Based on the book “The Ladies in Black” by Madeleine St.John
Director: Bruce Beresford
Juila Ormond: Magda
Rachael Taylor: Fay
Angourie Rice: Lisa
Ladies in Black is set in Sydney in the summer of 1959, against the backdrop of Australia’s cultural awakening, breakdown of class structures, and liberation of women. It tells the coming-of-age story of suburban schoolgirl Lisa, who while waiting for her final high school exam results with dreams of going to the University of Sydney, takes a summer job at a large department store. Here she works side-by-side with a group of saleswomen who open her eyes to a world beyond her sheltered existence, and foster her metamorphosis.
Adapted from the bestselling novel by Madeleine St John, Ladies in Black is an alluring and tender-hearted comedy drama about the lives of a group of department store employees in 1959 Sydney.
As an Australian, you’d think I’d be more aware of the goings on in my local film industry, but Aussie produced films have never captured my imagination the way I feel they should. That’s not to mean I’ve never come across some films I generally liked. Red Dog, Rabbit Proof Fence, The Sapphires, Ten Canoes and Bran Nue Dae were all very enjoyable and in their own way, told the stories of those who sadly are deprived of their individual voices in the reality of Australian society.
Which is why I had a slight conundrum with Ladies in Black. The theme of femininity in the Australian suburbs of the 1950’s is explored quite well and it goes hand-in-hand with the romanticised, idealistic way in which Sydney is painted, constantly sunny, which makes sense since the film is placed in late December into early January.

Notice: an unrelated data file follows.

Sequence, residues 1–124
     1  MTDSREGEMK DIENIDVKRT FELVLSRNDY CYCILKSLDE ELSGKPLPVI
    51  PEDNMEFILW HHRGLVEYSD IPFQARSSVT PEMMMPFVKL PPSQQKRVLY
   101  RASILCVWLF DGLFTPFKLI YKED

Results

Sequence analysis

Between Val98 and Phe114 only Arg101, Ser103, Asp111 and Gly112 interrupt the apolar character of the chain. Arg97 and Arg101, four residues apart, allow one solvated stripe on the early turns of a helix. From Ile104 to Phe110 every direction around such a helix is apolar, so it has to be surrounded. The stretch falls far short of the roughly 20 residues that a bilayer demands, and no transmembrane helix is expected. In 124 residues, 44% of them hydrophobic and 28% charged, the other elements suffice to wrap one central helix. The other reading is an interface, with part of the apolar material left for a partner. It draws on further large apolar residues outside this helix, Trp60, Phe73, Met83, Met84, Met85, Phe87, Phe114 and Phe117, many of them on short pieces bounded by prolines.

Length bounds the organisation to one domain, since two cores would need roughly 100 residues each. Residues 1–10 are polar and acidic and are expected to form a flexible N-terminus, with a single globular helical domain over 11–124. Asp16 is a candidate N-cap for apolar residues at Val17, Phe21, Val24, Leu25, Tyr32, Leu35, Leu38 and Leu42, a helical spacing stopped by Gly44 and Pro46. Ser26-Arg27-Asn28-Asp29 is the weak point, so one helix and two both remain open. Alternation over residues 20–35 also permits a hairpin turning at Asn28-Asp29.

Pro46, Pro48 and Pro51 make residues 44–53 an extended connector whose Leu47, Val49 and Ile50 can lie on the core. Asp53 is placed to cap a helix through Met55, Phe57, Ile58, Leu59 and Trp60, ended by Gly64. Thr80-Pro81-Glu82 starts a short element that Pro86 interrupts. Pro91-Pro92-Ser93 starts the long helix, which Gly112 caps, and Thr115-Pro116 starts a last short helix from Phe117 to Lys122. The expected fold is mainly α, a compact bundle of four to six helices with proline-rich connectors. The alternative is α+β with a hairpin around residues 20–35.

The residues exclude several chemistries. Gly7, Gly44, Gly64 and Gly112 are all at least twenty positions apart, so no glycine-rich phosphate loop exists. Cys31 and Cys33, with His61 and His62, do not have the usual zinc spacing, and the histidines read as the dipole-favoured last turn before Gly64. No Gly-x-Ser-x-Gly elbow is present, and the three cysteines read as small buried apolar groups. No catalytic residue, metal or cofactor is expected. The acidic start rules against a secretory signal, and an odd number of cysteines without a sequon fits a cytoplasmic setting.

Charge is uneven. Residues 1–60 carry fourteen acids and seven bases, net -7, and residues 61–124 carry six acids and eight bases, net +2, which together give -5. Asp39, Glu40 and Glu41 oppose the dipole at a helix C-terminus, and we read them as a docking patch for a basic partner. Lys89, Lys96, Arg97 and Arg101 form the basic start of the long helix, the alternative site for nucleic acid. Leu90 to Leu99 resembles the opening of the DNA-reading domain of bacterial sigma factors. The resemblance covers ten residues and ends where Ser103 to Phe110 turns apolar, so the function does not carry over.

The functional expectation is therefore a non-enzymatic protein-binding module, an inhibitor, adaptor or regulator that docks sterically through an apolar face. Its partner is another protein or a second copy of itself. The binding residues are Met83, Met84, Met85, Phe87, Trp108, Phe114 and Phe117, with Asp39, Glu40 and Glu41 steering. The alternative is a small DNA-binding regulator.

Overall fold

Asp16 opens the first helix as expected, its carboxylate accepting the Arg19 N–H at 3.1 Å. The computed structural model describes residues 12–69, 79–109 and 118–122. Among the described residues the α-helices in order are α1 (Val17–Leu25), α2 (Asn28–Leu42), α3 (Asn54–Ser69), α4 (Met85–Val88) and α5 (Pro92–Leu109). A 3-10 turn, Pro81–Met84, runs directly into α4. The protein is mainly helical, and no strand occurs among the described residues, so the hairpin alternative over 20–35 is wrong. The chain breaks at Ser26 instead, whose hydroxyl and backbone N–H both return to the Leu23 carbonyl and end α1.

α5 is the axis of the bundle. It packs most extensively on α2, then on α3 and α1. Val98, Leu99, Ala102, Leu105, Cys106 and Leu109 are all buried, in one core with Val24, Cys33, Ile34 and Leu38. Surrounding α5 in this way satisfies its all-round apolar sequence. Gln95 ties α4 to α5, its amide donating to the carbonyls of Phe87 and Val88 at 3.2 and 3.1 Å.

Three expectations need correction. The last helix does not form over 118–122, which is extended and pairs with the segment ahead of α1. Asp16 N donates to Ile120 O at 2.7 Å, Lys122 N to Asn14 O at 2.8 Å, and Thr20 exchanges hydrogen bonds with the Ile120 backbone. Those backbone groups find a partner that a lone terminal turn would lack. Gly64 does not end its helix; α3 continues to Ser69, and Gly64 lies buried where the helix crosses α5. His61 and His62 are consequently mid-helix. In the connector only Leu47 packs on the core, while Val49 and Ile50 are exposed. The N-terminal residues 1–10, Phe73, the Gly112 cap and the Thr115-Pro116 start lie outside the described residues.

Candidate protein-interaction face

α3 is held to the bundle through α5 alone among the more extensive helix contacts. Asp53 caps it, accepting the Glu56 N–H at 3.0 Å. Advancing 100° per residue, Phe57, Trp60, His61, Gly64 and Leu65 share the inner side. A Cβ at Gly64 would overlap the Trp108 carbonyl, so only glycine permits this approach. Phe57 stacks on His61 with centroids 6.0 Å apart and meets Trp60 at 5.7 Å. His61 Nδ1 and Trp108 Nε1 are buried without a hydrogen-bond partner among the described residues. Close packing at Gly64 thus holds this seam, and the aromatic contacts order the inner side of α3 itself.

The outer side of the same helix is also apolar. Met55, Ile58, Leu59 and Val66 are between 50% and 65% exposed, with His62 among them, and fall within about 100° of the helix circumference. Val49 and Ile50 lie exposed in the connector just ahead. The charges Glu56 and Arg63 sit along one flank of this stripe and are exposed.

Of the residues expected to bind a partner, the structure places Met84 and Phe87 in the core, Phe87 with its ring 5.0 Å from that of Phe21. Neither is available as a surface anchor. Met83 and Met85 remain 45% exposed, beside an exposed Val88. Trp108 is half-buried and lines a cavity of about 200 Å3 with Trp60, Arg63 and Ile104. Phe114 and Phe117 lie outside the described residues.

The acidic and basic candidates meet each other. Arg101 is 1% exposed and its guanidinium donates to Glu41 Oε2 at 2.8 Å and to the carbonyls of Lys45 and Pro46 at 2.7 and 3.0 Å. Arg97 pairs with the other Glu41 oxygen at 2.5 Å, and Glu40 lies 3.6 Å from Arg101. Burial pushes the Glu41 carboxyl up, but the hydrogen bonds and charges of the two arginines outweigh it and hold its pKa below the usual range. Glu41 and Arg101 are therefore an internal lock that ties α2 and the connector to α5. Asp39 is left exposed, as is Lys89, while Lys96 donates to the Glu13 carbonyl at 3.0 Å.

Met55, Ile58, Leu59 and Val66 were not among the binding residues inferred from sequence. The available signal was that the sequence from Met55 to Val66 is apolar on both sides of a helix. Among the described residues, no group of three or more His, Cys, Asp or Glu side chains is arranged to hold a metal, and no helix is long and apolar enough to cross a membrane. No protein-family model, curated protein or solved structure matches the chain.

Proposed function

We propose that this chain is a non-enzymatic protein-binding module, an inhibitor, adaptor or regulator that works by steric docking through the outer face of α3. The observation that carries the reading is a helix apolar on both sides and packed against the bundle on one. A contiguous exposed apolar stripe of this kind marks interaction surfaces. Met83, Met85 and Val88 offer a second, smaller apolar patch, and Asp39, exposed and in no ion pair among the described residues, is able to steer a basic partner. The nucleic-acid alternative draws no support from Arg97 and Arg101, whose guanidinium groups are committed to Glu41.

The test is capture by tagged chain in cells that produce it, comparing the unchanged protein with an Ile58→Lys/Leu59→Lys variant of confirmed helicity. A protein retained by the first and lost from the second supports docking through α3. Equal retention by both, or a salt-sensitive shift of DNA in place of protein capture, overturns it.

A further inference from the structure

It’s not so much a major problem as it is a small issue I have with the film because I was left with a nagging feeling there were things being unsaid that should’ve been brought to light. The 1950’s was a revolutionary time for Australian immigration, specifically from the areas of Europe struggling with political disputes, or something along the lines of a food shortage. Many immigrants came here because Australia was (and still is) a safe haven in which to start again. The already established Caucasian population was wary of the new arrivals, which as you can imagine, lead to racial tension and suspicion.
Through the characters of Magda and Rudi, we do get some of the perspectives of the new immigrants and the reactions from the “white” population, but it never goes deeper than teasing and whispering behind hands. I’ve never read the book, but I can’t help but wonder if this theme was brushed aside in the film adaptation to focus more on the trials of womanhood.
Aside from this, I did in fact enjoy Ladies in Black. It was well-paced, the humour was light and enjoyable, the music was relevant to the era and set the tone nicely and it was fun to see different depictions of an Aussie Christmas. The most pleasant thing about it was the lack of any antagonist. These were all just normal people, living normal lives, making normal mistakes and working through them as a normal person would. The trials are believable and the triumphs are small, but well-earned.
So if you’re looking for a down-to-earth film that’s relaxing to watch and might bring hints of nostalgia, then I feel comfortable about recommending Ladies in Black to you. Grab a bottle of wine and chill for a couple of hours.
3.5 coat-hangers out of 5